A new friend for Israel in... South Sudan
At a time of diplomatic turbulence, Israel's diplomatic ties with the world's newest nation, South Sudan, can benefit its economy and security. While struggling South Sudan will appreciate Israel's aid, it's actually Israel that stands to gain.
The world’s newest member in the community of nations got plenty of press coverage when it formally declared independence in July. But one aspect of South Sudan’s emergence went largely unnoticed: the establishment of official diplomatic relations with Israel. Far from a routine gesture, the mutual declaration of recognition between the two states could prove to be a significant boost to Israel’s strategic position, not to mention the positives that may come as South Sudan attempts to get its new state on a strong footing.Skip to next paragraph
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The leaders of South Sudan, a country with a feeble national infrastructure and a near-nonexistent formal economy after two decades of conflict with the north, will much appreciate the economic aid and leverage that comes with a new diplomatic relationship. But it is actually Israel that has the most to gain.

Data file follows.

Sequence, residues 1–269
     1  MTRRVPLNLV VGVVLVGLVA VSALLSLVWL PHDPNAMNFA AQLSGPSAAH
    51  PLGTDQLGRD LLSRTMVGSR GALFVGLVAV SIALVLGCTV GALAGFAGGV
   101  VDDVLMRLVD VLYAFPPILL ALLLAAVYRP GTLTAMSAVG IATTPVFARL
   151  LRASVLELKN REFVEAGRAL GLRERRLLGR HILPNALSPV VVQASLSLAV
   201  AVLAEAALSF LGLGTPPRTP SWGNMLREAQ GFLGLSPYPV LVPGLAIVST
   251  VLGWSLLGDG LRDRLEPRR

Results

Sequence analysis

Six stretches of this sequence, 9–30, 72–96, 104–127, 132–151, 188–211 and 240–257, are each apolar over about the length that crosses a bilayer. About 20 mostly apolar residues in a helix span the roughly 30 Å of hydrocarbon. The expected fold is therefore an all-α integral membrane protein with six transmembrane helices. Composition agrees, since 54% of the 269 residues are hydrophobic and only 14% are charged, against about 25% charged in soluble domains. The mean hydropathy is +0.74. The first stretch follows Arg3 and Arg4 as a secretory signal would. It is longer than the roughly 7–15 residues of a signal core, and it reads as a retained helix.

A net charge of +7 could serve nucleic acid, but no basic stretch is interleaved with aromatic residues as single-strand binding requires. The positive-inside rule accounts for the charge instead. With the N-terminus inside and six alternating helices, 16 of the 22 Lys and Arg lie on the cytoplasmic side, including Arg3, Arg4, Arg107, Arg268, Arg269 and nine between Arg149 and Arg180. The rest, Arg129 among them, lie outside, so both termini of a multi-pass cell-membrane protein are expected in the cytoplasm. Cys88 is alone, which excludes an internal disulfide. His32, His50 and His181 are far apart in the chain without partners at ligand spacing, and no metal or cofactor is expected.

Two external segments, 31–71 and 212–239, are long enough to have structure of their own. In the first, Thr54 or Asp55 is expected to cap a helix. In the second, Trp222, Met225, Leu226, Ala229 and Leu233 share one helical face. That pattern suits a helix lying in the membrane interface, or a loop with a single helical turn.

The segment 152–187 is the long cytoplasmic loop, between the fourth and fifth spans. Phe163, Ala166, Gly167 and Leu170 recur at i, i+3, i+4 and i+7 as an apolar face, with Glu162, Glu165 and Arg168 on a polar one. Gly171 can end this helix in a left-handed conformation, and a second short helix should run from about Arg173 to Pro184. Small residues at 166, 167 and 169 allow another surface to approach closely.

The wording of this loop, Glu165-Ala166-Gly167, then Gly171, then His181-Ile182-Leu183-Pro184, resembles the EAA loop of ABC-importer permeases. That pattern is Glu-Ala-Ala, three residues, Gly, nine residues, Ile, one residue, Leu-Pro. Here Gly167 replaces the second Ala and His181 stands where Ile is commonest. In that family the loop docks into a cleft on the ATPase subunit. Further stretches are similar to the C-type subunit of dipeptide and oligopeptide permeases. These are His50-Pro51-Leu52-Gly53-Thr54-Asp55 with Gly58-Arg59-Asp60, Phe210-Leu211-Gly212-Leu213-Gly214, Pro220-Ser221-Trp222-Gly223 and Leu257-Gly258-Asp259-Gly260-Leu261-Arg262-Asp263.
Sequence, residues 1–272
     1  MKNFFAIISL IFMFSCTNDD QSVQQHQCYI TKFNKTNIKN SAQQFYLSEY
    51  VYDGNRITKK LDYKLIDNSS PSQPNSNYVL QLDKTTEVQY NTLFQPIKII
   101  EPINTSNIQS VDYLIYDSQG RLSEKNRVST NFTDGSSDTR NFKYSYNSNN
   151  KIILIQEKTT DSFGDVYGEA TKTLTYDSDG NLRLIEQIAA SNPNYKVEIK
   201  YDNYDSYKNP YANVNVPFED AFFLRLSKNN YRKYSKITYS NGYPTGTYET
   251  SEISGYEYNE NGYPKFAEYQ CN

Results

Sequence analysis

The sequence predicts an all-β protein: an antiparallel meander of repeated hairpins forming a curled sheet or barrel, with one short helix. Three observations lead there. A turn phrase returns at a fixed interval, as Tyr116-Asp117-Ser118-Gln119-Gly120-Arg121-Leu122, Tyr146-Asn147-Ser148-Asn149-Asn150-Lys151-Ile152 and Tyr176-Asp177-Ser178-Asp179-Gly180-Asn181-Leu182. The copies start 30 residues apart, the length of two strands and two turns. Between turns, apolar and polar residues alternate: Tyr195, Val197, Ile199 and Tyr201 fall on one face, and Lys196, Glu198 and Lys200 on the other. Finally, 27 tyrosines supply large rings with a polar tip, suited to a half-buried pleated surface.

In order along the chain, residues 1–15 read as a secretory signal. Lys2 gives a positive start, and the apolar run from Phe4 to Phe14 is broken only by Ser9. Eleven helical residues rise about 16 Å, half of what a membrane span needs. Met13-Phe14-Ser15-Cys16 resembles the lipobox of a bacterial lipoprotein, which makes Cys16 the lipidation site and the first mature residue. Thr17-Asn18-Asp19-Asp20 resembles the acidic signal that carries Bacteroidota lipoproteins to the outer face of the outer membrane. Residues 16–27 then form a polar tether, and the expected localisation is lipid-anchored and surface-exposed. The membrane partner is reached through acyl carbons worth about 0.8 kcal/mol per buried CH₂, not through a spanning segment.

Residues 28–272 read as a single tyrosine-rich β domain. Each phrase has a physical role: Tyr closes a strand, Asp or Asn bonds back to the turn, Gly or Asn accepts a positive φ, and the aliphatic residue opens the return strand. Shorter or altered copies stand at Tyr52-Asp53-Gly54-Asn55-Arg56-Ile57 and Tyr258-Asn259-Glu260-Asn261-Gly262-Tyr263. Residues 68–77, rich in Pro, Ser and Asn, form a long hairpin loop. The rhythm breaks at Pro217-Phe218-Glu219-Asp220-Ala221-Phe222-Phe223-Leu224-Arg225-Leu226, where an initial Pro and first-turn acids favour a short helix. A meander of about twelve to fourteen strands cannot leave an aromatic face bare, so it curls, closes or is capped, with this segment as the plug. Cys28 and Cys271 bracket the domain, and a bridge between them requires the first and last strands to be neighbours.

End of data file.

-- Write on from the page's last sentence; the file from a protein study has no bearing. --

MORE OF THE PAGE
Israel’s diplomatic outreach extends a measure of goodwill to the people of South Sudan – who need all the help they can get as their country begins the long process of setting up embassies, forming an independent foreign policy, and building up their agricultural potential. But the new partnership with the South Sudanese Government also provides Israel with an opportunity to create a foothold in a region that is known to export some its instability into the Middle East.
At the same time that the Israeli people continue to raise questions over the rising costs of housing, food, and fuel, the diplomatic relationship with South Sudan has the potential to alleviate some of those problems – that is, if the Israeli government is serious about working with a country projected by some to be Africa’s biggest food producer. And while South Sudan certainly has years to go before its economy breaks free from the shackles of oil dependency, the technical expertise that Israel brings into the new relationship at least has a potential to make that transition a little easier.
Economics are not the only benefit for Israel. This new relationship could prove a huge boost to Israel’s global standing – and its strategy of Iranian deterrence as well. Over the past several years, Iran – Israel’s archenemy in the region – has been accelerating its own diplomatic push on the African continent in an attempt to compensate for its loss of markets in the west.
A concerted campaign by Israel to sponsor development projects in South Sudan, involve itself in promoting the country’s untapped natural resources, and build people-to-people contacts that are genuine and long-lasting would take a significant potential market and relationship from Iran as it tries to survive economic sanctions on its nuclear program.
In addition to using its hard power to slow down Tehran’s pursuit of an indigenous nuclear program, the Israelis will find it worthwhile to exploit soft power as well. Putting a good face on the African continent is one aspect of that soft power approach.